Picket Pass Traverse 2008, Days 1-3, Into the Pickets
Picket Pass Traverse, via Little Beaver Trail, Whatcom Pass, Whatcom Peak, Challenger Col, Phantom Arm, Pickell Pass, Swiss Peak, Picket Pass, McMillan Cirque, Elephant Butte Bypass, Stetattle Ridge, Sourdough Trail.
Dates: July 19-27, 2008
Party: Matt Burton, Mike Torok, Billie Butterfield, Paul Bakke
I'm finally catching up on this report on my big trip from last summer.
This report covers the first three days of the trip. Other days will follow in separate reports.
Our Picket Pass traverse was challenging and rewarding in equally intense proportions -- strenuously demanding in its travel, provocatively magnificent in its terrain, and personally satisfying in its accomplishment -- overall an outstanding mountaineering experience for me.
“Above the wilderness between the Skagit River and Mt. Baker rise the jagged, ice-carved peaks of the Picket Range, wearing such stirring names as Fury, Phantom, Terror, and Challenger. The jumble is roughly organized in the southern, or Terror, group and the northern, or Fury, group – two fortresses by cliffs and jungle”. (Fred Beckey, Challenge of the North Cascades)
Just as Beckey describes, the Pickets form two distinct serrated walls of rock, each arching east-west -- the northern group centered on Fury, and the southern group centered on Terror.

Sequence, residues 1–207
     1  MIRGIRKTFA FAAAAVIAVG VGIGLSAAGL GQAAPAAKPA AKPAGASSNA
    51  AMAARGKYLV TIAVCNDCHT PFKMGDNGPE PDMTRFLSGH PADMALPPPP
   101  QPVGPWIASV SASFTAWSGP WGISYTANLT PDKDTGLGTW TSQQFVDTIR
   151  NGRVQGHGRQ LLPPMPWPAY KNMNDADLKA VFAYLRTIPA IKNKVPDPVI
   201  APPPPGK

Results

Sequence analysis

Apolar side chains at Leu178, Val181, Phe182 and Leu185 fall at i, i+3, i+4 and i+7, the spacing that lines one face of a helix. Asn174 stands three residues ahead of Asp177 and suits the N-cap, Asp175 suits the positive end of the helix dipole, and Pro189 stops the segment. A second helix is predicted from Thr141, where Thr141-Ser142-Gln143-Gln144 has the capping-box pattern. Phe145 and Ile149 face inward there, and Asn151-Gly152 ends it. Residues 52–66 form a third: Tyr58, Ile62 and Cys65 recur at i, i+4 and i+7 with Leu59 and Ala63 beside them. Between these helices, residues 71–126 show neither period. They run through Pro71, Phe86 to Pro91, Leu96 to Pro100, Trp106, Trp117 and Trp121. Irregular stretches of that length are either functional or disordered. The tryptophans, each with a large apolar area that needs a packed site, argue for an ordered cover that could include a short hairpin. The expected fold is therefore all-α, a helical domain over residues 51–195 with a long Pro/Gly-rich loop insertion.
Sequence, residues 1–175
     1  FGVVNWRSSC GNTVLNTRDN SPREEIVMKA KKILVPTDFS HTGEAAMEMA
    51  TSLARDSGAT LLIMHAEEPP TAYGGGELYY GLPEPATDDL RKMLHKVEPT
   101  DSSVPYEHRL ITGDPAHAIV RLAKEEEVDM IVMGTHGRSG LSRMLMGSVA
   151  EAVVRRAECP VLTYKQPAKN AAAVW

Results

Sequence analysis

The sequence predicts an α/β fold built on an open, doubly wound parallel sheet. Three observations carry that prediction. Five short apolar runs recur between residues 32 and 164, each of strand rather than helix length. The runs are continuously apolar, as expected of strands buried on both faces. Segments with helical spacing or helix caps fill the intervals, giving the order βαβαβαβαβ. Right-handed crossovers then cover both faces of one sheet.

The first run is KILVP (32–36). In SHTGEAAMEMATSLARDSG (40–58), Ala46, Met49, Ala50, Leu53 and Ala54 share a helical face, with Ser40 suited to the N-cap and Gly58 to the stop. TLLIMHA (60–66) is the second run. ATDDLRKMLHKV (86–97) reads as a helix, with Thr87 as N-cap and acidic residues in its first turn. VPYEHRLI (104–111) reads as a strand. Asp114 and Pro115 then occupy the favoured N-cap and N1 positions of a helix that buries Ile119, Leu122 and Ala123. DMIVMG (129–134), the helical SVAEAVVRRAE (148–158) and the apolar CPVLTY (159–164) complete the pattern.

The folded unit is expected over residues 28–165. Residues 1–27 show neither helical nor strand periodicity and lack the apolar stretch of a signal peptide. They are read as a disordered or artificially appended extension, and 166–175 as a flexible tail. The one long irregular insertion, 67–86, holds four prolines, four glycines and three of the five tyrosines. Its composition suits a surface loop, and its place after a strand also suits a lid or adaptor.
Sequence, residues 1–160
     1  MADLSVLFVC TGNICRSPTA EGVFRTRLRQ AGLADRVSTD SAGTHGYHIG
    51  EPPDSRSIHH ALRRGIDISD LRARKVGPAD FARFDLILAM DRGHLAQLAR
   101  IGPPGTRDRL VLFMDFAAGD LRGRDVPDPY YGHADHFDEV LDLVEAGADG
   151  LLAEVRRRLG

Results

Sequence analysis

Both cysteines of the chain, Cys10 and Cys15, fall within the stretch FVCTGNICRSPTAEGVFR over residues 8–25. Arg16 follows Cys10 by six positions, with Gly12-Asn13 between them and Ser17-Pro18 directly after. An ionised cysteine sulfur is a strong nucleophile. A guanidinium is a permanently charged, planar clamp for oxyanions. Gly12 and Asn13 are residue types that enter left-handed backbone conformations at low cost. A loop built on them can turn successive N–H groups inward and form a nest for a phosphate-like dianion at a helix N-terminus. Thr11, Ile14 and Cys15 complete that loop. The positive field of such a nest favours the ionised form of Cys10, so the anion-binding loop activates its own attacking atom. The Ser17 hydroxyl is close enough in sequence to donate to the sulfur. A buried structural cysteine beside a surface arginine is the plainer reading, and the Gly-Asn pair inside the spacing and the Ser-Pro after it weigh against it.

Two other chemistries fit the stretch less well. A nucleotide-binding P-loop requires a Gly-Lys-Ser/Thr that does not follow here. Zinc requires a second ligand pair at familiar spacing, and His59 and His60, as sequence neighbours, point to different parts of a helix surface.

In between, the groups are connected at only one place, a single narrow steep rib of rock stretched thin and tight between the high ranges north and south, with the deep divides of McMillan Creek and Goodell Creek leaving only chasms of empty space to the east and west.
Physically, Picket Pass is a bridge of steeply carved rock,
. . . standing suspended in exaggerated relief between the heights of Fury and Terror.
Spiritually, Picket Pass is a passage of intensely focused experience,
. . . traveling suspended between the raging majesty of the place and the fearful challenge of its terrain.
I got my first view of Picket Pass in July 2001, when I climbed West McMillan Spire. It was, and still is, the wildest piece of terrain I have seen in the Cascades.
East side of Picket Pass, viewed from West McMillan (2001)
West side of Picket Pass, viewed from Mystery Ridge (2002)
Ever since that first view, I was smitten by the compelling topography of the place -- such a profoundly exciting, committing passage amid an ecstatic frenzy of sky-piercing heights and earth-plunging depths.
I wanted to someday make a traverse that would take me all way from one end of the range to the other, with the crossing of Picket Pass as the culminating heart of the journey.
But it wouldn’t be easy, or soon.
Because of the rugged terrain, the Picket Range has remained the wildest and most unexplored region in the North Cascades. It is not an area for the wilderness novice; its isolated brushy valleys and jagged ridges are a test for the most seasoned mountaineers. The length of climbs, combined with steep mixed terrain and variable conditions, demands all-around competence and fitness. When traversing ridges and glaciers, one is likely to be dismayed at the deep gorges, serrate crests, and crevassed icefalls, often very difficult for backpacking. (Fred Beckey, Cascade Alpine Guide, Volume 3)
It took another seven years to get together all the conditions necessary for accomplishing the traverse – dependable companions, compatible schedules, adequate conditioning, stable weather, and a sufficient snowpack.